(Paras 10 & 11)

Conclusion:

Where none of the reasons cited by the CIT were relevant for the purpose of considering the application for registration under s. 12AA, such registration was unjustly denied to the assessee; hence, the order of the CIT is quashed and he is directed to grant registration sought by the assessee-trust.

In favour of:

Assessee

Authorised Representative—Eligibility—Authorised Representative was a person who had passed the accountancy examination recognised by the CBDT but yet to get registration as per r. 55 of IT Rules—Sub-s. (2) of s. 288 does not say that the Authorised Representative shall also be an authorised IT practitioner registered under rr. 54 and 55 of the rules—The right given in this respect by the Act cannot be diluted by rules nor can it be restricted by rules, by specifying a procedure for registration

Held:

As per cl. (a) of r. 49, an “authorised IT practitioner” is any Authorised Representative as defined in cl. (v) or cl. (vi) or cl. (vii) of sub-s. (2) of s. 288 for appearing before this Tribunal. It cannot be read to mean that an Authorised Representative as defined in sub-s. (2) has to get himself registered as an authorised income-tax practitioner. Sub-s. (2) of s. 288 does not say that the Authorised Representative shall also be an authorised IT practitioner registered under rr. 54 and 55 of the rules. The right given in this respect by the Act cannot be diluted by rules nor can it be restricted by rules, by specifying a procedure for registration. The right given to an assessee to appoint an Authorised Representative who has the qualification to become Authorised Representative as defined under the Act cannot be denied. In other words, a person having the qualification mentioned under the Act cannot be stopped from appearing before this Tribunal on behalf of the assessee. Tribunal is therefore, of the opinion that S is authorised under the Act to appear before this Tribunal as Authorised Representative and objection of the Department in this regard is rejected.

(Para 8)

Conclusion:

A person having the qualification mentioned under the IT Act cannot be stopped from appearing before Tribunal as Authorised Representative, merely for want of registration under IT Rules.

In favour of:

Assessee

Counsel appeared:

Subbarayan, for the Assessee : Tapas Kumar Dutta, for the Department

ORDER

ABRAHAM P. GEORGE, A.M.: :

ORDER

In this appeal filed by the assessee, it assails the order of the learned CIT-II, Madurai, whereby he refused to grant registration under s. 12AA of the IT Act, 1961 (in short, the Act). As per the assessee, the reasons cited by the learned CIT for refusing registration was not relevant for the purpose of grant of registration under s. 12AA of the Act.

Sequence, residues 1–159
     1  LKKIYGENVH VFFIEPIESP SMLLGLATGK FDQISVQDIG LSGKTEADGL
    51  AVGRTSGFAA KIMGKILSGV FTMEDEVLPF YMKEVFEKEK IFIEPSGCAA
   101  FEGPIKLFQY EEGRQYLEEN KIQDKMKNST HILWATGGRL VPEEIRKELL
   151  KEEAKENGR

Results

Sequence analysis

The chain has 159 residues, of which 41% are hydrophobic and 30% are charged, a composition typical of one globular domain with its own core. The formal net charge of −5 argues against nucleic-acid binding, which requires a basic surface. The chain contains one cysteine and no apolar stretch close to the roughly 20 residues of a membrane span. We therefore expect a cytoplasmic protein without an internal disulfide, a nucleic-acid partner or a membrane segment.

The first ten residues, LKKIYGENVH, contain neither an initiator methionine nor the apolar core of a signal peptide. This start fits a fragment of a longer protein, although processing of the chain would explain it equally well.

1. The assessee was represented by Shri Subbarayan. The Bench queried Shri Subbarayan as to under what capacity he was appearing on behalf of the assessee. Thereupon, he replied that he was appearing as an Authorised Representative. He further submitted that he was a retired Dy. CIT and an Authorised Representative as defined under s. 288(1) of the Act. Quoting cl. (v) of sub-s. (i) of s. 288, Shri Subbarayan submitted that he was a person who had passed the accountancy examination recognised by the CBDT. Attention was invited to r. 50 of the IT Rules, 1962 (in short, “the rules”) which sets out the accountancy examinations which were recognised. According to him, sub-r. (4) of r. 50, clearly mentioned that the Departmental examinations conducted by or on behalf of the CBDT was one of those examinations which were recognised and he, having passed such an examination, was eligible to appear before this Tribunal as an Authorised Representative.
  2. Per contra, the learned Departmental Representative submitted that as per r. 54 of the rules, any person who wished to have his name entered as an authorised income-tax practitioner in the register, was obliged to apply to the Chief CIT within whose area of jurisdiction he was practicing. According to him, Shri Subbarayan was yet to obtain such registration as specified in r. 55 of the rules.
  3. We have heard the parties and have also seen the relevant sections and rules. To resolve the issue, we reproduce sub-ss. (1) and (2) of s. 288 of the Act hereunder :